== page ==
Jan Dop


Jan is a specialist in employment law and corporate law

+31 20 301 55 55

Dismissal on the spot for a minor offence. Is that allowed?

Publication date 29 July 2020

Employees can also be dismissed with immediate effect for minor offences. It is important, however, that they know this is possible, that the policy is consistently enforced and that the personal circumstances of the employee will be taken into account.


Can you dismiss your employee with immediate effect after the theft of a (very) low-value product? Yes, you can! However, a recently published decision shows it does not go without a risk!

Plastic bag

Before his shift, an Action employee bought 20 ponchos in the Action store. After his shift, he took a 3-cent carrier bag, put the ponchos in it and went home without paying for the bag. Action dismisses the employee with immediate effect for theft. The employee does not agree with this and contests his dismissal in court.

The judge agrees with the employee. Although he violated Action’s zero tolerance policy by taking the carrier bag without paying, dismissal with immediate effect goes too far. According to the judge, the carrier bag is not worth anything. Besides, the dismissal hits the employee hard: being in debt recovery, he has just got his life back on track again. Because of the dismissal, he is again in financial difficulties. The court decides that the theft of a trivial bag does not outweigh these severe consequences of the dismissal for the employee.

Minor offence

Minor offences, where an employee steals a (very) low-value product with the result of dismissal with immediate effect, can regularly be found in case law. For instance, the court already decided on dismissal with immediate effect after applying body lotion from a free sample, theft of € 0.50, taking a bite from a donut and taking a pack of dairy drink that was past its date.

If it concerns (very) low value products, dismissal with immediate effect sometimes seems too severe a measure. On the other hand, you, as an employer, want to be able to trust your employees. Stealing is stealing, and you want to prevent that at all times.

Three tips

As can be seen from the Action decision, the judge does not always agree with the employer that dismissal with immediate effect is justified because of a minor offence. In that case, you will have to take the employee back if he stills wants to go back and you will have to continue to pay wages for the period the employee did not work. If the employee resigns himself to the dismissal, you will often have to pay fair compensation in addition to the transition compensation.

How do you increase the likelihood that the judge will agree with you? Here are three tips:

  1. Ensure a clear and accessible policy. It must be crystal clear to the employee that his actions can result in dismissal with immediate effect. Record this, for instance, in a personnel handbook and bring it to the attention of your employees repeatedly.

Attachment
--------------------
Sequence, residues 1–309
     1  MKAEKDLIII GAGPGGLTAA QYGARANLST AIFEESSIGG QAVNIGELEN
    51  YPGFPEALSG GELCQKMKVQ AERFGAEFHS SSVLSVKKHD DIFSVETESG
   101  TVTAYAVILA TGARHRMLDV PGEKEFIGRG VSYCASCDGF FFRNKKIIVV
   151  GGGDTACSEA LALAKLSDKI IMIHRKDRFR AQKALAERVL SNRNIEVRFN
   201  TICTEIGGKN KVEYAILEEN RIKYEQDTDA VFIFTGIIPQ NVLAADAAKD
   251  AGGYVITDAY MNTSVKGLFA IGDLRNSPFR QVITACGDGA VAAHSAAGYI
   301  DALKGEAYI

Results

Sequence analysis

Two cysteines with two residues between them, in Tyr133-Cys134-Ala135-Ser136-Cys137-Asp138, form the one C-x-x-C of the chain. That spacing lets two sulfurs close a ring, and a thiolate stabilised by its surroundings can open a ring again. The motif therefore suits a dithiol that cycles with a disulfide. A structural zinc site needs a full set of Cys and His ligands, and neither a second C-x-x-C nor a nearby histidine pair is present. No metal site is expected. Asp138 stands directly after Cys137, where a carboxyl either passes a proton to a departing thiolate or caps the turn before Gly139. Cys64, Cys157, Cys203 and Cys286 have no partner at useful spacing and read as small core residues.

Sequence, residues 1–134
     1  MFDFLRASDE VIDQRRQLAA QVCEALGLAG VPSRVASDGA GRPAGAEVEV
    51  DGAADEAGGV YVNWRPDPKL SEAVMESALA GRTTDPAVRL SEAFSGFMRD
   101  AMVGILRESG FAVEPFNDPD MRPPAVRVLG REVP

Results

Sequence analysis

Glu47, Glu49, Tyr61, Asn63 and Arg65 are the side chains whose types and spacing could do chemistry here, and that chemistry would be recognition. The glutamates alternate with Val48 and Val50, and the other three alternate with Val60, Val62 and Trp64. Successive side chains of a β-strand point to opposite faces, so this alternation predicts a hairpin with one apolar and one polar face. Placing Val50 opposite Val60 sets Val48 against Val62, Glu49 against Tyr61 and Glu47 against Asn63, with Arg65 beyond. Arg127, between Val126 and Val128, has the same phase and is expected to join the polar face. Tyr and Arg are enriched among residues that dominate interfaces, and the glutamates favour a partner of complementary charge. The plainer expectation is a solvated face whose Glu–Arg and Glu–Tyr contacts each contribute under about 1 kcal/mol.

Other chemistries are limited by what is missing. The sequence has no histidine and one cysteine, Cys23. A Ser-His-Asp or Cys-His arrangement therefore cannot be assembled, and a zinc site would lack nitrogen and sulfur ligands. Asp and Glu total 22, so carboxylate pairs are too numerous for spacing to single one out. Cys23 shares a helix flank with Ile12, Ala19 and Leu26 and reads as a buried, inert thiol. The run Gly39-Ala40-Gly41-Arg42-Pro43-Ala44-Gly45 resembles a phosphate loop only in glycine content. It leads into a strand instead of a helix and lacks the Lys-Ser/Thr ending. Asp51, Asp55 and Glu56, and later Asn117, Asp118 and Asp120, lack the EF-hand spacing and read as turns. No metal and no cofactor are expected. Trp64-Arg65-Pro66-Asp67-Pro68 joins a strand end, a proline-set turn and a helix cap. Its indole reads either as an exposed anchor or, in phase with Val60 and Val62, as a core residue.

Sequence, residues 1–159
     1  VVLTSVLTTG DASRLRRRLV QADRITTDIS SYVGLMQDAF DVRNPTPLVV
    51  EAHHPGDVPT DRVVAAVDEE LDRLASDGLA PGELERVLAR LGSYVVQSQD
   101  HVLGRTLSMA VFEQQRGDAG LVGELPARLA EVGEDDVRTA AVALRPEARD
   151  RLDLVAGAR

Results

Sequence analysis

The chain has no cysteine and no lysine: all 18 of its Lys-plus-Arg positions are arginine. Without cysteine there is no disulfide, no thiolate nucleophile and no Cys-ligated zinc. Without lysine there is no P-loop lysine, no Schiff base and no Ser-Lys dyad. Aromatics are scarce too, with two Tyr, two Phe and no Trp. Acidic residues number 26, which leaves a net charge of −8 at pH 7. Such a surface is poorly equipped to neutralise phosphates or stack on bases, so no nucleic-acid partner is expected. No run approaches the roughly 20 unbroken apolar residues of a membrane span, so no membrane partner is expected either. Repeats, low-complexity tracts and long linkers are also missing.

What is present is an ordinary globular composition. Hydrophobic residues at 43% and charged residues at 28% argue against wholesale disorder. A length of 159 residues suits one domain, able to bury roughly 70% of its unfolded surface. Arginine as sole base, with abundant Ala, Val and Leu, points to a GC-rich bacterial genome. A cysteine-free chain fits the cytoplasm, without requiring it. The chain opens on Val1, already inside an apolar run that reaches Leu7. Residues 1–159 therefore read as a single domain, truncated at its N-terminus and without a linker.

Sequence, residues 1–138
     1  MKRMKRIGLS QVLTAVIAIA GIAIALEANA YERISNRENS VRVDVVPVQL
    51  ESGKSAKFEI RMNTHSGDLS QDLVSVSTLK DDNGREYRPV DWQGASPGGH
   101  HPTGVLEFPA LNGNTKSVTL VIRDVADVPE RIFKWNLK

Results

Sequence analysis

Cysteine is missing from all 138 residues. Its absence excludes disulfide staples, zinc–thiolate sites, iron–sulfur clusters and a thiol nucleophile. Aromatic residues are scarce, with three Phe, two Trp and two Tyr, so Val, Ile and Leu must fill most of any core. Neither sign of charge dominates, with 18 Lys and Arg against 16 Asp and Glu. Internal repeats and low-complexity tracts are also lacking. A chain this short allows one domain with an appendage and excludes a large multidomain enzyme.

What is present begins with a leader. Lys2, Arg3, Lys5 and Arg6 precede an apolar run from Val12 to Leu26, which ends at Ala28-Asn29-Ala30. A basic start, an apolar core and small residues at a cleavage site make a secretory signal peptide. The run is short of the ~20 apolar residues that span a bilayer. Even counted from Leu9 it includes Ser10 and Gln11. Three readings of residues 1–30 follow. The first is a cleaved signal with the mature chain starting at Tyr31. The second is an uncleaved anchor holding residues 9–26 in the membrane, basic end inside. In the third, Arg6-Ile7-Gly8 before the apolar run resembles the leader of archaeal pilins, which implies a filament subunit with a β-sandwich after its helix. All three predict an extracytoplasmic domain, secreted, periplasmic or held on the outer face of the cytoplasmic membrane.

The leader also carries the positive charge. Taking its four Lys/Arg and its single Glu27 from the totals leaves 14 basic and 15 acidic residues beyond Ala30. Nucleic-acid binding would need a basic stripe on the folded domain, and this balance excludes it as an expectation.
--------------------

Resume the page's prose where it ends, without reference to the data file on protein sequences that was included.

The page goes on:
2. Enforce the strict policy consistently.
  3. Take into account the employee’s personal circumstances in your choice of whether or not to proceed with a dismissal with immediate effect. Consider the duration of the employment, how the employee functions, the position on the labour market and the age of the employee. A judge will always weigh the interests of the employer against the consequences of the dismissal for the employee.

More information?

Are you looking for advice on dismissing an employee with immediate effect?  Or is a dismissal contested in court? Please contact us:

    We process the personal data above with your permission. You can withdraw your permission at any time. For more information please see our Privacy Statement.

    Related publications

    30% facility for expats scaled down

    As of 1 January 2024, the 30% facility, the tax exemption for expatriates, will be reduced, both in terms of duration and amount. What does the new regulation look like? What does the change mean for expats already in the Netherlands?

    Read more

    1 January 2024: statutory minimum wage to become statutory minimum hourly wage

    As of 1 January 2024, the statutory minimum wage and minimum youth wage will be increased. In addition, the minimum wage will be replaced with the statutory minimum hourly wage, which no longer depends on the extent of full-time employment. Below are the new amounts.

    Read more

    Limits to the non-compete clause

    One in three employers in the Netherlands binds employees to a non-compete clause. However, this is not always necessary and hinders employees’ freedom to leave for a new job. The government therefore wants the non-compete clause to meet stricter requirements. What does this mean for employers?

    Read more

    Legislative Proposal “Work Where You Want” rejected

    The legislative proposal “Werken waar je wilt” (Work Where You Want) that reinforced the employees’ right to choose their place of work was rejected by the Dutch Senate on 26 September 2023. How do employers now have to deal with a request to work from home?

    Read more

    What does the Homologation Act (WHOA) mean for creditors?

    The WHOA makes it easier for a company facing bankruptcy to avoid bankruptcy. This can be done through a binding agreement with all creditors, even if they do not all agree to the arrangement. What rights do creditors have in WHOA proceedings?

    Read more

    New EU General Product Safety Regulation

    On 12 June 2023, the new EU General Product Safety Regulation entered into force. As of 13 December 2024, products must comply with this regulation. What are the consequences of the new Product Safety Regulation? Which entrepreneurs should start taking measures now?

    Read more